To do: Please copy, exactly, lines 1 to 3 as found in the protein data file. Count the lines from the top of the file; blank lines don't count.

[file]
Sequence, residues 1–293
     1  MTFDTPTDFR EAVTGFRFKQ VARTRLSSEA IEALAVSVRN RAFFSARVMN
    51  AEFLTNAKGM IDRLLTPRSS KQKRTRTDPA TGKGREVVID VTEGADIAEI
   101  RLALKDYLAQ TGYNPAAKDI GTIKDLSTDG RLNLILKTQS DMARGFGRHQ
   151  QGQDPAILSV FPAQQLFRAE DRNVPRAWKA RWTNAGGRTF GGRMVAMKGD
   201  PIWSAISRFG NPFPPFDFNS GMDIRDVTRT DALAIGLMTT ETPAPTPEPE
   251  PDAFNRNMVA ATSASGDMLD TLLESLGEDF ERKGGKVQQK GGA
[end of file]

Sequence, residues 1–293
     1  MTFDTPTDFR EAVTGFRFKQ VARTRLSSEA IEALAVSVRN RAFFSARVMN
    51  AEFLTNAKGM IDRLLTPRSS KQKRTRTDPA TGKGREVVID VTEGADIAEI